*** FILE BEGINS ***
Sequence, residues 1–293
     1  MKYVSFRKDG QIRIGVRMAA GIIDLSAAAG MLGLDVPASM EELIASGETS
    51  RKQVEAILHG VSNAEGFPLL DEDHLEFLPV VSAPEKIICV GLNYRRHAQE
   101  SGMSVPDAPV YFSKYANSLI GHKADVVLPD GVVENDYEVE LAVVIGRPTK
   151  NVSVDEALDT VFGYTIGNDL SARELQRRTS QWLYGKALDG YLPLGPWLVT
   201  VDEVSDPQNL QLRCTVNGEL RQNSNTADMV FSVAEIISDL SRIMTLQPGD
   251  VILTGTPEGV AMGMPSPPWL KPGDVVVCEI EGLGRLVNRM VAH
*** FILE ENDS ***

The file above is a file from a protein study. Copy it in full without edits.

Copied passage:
Sequence, residues 1–293
     1  MKYVSFRKDG QIRIGVRMAA GIIDLSAAAG MLGLDVPASM EELIASGETS
    51  RKQVEAILHG VSNAEGFPLL DEDHLEFLPV VSAPEKIICV GLNYRRHAQE
   101  SGMSVPDAPV YFSKYANSLI GHKADVVLPD GVVENDYEVE LAVVIGRPTK
   151  NVSVDEALDT VFGYTIGNDL SARELQRRTS QWLYGKALDG YLPLGPWLVT
   201  VDEVSDPQNL QLRCTVNGEL RQNSNTADMV FSVAEIISDL SRIMTLQPGD
   251  VILTGTPEGV AMGMPSPPWL KPGDVVVCEI EGLGRLVNRM VAH